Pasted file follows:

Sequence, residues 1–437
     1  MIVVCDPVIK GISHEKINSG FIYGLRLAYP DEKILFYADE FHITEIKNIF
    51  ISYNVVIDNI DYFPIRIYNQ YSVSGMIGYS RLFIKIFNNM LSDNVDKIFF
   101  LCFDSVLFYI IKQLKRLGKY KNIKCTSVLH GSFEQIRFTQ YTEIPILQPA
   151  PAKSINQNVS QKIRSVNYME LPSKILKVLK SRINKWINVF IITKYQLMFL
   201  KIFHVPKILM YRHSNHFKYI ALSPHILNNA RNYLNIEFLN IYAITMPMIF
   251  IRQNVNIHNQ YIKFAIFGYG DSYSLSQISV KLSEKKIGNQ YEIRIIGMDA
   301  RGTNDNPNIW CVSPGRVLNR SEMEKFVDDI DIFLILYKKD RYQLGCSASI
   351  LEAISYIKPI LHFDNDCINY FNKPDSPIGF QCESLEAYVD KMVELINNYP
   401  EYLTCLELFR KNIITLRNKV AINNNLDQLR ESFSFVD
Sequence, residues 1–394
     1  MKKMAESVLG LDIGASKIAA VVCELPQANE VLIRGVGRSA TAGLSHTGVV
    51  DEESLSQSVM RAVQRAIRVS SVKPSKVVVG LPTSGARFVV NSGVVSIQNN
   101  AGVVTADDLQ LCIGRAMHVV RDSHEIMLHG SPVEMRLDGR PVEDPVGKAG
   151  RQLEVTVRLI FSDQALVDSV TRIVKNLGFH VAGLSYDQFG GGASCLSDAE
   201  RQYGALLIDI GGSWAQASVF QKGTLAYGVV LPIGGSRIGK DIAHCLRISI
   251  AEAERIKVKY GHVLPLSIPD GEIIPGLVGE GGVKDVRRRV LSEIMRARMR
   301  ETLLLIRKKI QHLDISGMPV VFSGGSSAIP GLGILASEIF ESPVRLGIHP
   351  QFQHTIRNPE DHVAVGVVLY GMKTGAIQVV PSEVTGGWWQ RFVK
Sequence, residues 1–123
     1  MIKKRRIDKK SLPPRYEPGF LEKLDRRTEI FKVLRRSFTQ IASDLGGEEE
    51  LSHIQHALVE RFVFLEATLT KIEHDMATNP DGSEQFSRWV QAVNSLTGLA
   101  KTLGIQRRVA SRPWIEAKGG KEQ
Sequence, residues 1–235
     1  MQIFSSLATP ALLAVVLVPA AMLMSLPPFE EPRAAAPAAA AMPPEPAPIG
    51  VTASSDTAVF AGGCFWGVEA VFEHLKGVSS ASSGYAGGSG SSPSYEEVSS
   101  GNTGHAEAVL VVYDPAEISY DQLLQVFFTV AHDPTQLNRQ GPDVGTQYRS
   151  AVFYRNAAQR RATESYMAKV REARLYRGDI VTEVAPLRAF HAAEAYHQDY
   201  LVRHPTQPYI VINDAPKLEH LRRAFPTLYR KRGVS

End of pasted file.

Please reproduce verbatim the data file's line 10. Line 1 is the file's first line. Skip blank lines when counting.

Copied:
   401  EYLTCLELFR KNIITLRNKV AINNNLDQLR ESFSFVD